Down and dirty

June 2, 2008

I appreciate the interest of animal-rights activists in saving the lives of poor, oppressed frogs, so I can understand their advocacy of computer software that lets students do virtual dissections. But this is going a little far:

Marilyn Grindley, a member of the Ohio County Society for the Prevention of Cruelty to Animals, said dissecting animals “desensitizes kids. It tells them that we do not have any respect for any animal.” She wants to end the practice.

If the teacher took the kids out to shoot cats and dogs, that would be desensitizing, but dissecting frogs? I confess to being one of the kids who was grossed out by the frog-dissection requirement. I would have welcomed the ability to do the whole thing by computer simulation. And that’s probably OK for most kids.

But what about the ones who are going to pursue careers in science and medicine? For them, I think the teacher gets it right who says nothing can duplicate the smell, feel and texture of cutting into a real frog.  “It’s not the same as the real thing,” Perillo said. “To actually cut through the tissue, see how the skin layers feel, the textures, the way the organs look inside the body, I think that can’t be duplicated. “Its like trying to become a gardener without touching the dirt.”

Put it this way: You want a first-time surgeon (they all have to have the first one sometime) operating on you who until then had only experienced dissecting a virtual cadaver?

3 Responses to “Down and dirty”

  1. Doug Says:

    I think it does desensitize people. But, for the reasons you point out, I think some degree of desensitization is necessary. Now, if you get to the point where kids are wetting the bed, starting fires, and torturing animals, trouble is brewing.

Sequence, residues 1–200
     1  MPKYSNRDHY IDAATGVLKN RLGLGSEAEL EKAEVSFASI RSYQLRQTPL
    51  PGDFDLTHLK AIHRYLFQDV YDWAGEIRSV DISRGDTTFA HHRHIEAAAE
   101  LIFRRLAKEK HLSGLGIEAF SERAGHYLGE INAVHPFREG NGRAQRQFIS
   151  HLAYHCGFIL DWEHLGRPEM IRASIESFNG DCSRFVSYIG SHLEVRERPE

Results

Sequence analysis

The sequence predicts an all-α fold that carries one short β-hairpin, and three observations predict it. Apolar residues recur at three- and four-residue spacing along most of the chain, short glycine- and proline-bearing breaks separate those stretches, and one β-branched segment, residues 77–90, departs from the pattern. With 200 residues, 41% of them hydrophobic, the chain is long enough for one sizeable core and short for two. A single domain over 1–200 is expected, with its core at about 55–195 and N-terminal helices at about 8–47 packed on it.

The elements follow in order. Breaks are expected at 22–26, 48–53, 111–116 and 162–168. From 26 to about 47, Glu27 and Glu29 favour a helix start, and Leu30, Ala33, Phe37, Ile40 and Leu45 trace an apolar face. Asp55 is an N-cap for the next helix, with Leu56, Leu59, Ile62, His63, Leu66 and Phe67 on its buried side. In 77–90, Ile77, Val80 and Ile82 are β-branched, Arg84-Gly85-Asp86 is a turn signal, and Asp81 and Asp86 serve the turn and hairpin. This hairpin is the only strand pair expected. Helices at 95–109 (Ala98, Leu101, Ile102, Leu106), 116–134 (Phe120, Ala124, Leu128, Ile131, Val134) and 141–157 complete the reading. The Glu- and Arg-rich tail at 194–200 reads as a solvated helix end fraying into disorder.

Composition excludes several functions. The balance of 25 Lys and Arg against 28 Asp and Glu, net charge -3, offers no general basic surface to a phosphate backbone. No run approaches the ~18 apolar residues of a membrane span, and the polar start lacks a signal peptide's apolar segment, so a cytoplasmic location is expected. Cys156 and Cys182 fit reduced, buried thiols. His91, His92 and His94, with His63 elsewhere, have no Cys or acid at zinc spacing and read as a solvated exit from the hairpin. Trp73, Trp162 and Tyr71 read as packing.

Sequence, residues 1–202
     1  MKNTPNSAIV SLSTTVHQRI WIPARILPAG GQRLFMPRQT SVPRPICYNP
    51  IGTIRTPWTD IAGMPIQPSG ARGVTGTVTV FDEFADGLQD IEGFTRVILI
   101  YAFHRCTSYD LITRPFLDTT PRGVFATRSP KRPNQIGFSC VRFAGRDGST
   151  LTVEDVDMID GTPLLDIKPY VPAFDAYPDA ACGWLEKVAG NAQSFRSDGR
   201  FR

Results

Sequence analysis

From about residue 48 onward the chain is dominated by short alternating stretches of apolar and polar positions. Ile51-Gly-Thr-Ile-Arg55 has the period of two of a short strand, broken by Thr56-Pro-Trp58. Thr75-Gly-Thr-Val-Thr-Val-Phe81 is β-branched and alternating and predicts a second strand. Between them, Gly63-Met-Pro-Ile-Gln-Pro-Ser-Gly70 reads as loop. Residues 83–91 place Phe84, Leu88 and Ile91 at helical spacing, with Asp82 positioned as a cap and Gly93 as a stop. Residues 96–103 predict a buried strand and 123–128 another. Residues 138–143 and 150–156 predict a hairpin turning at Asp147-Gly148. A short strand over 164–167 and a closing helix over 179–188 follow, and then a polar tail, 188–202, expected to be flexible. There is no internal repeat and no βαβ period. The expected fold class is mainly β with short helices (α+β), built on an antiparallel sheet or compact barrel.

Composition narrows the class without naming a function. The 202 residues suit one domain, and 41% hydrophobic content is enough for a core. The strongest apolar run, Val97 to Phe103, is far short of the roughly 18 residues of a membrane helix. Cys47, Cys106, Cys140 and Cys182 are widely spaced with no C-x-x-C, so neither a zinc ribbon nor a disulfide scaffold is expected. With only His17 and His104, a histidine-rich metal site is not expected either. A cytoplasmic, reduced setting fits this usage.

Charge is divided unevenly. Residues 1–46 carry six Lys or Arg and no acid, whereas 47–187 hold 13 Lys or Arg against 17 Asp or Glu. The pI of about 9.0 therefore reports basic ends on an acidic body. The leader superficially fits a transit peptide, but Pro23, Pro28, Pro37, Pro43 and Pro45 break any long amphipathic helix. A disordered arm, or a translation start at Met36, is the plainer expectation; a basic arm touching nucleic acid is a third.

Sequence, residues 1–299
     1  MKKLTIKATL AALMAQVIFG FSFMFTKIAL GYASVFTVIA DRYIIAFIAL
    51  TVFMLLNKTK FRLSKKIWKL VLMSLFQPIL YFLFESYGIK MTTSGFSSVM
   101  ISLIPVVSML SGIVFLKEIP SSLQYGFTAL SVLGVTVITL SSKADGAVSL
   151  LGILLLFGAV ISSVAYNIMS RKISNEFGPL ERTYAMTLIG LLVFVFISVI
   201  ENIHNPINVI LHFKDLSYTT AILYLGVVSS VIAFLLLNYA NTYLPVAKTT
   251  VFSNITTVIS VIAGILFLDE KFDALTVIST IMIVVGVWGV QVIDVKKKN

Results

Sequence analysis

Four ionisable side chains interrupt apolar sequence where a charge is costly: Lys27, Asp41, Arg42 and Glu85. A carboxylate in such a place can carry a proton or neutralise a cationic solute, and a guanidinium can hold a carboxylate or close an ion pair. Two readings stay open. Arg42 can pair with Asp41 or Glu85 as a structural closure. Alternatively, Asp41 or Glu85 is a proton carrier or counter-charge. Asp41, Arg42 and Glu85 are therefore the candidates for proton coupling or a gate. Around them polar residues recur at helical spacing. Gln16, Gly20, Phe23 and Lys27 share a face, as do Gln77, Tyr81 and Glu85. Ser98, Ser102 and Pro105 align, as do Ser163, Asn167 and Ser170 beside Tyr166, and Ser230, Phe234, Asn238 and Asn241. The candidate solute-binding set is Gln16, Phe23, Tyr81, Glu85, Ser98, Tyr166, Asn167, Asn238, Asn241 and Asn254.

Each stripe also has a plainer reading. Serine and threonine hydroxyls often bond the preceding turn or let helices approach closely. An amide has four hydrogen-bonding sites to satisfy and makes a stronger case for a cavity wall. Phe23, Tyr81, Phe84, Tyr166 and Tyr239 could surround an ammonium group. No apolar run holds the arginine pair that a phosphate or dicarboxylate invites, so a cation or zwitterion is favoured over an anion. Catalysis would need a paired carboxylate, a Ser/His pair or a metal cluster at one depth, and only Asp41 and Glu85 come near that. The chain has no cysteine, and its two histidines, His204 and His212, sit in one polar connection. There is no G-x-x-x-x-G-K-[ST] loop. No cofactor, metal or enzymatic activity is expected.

2. Harl Delos Says:

    I think you’ll find that wetting the bed is usually a physiological problem, rather than a psychological one. Many kids simply sleep too deep. And when I was a kid, I was supposed to start fires, immediately after carrying the trash out to the barrel.

    Part of becoming an adult is learning to do things that you previously were uncomfortable doing.

    Many kids are initially uncomfortable in a locker room, but it’s important that they learn where modesty is appropriate, and where it’s inappropriate; otherwise, they grow up to be flashers or window-peepers, etc.

    Many kids are initially uncomfortable sticking their fingers into ground meat, but that’s part of learning to make hamburger patties, meat loaf, etc.; otherwise, they grow up to be vegetarians, PeTA members or other social misfits.

    Many kids are initially uncomfortable driving a car, but that’s part of learning to survive in the modern world; otherwise, they grow up to become sprout-eating volvo-owning Democrats.

    Many kids are initially uncomfortable sharing their toys, but that’s part of learning how to be a taxpayer; otherwise, they grow up to be Republicans.

  3. gadfly Says:

    Having been “borned and raised”(as they say in West “By God” Virgina) not more than ten miles from the site of Wheeling Park HS, I can tell you that “back when”, all self-respecting high school biology teachers had students dissecting frogs.

    Somehow I missed out on the experience …probably because I wouldn’t touch a frog or toad because they caused warts, doncha’ know? However, the kids attending Triadelphia HS back then most probably were not as “chicken” as I was.

    Hmm …someone told me that frog legs taste like chicken.

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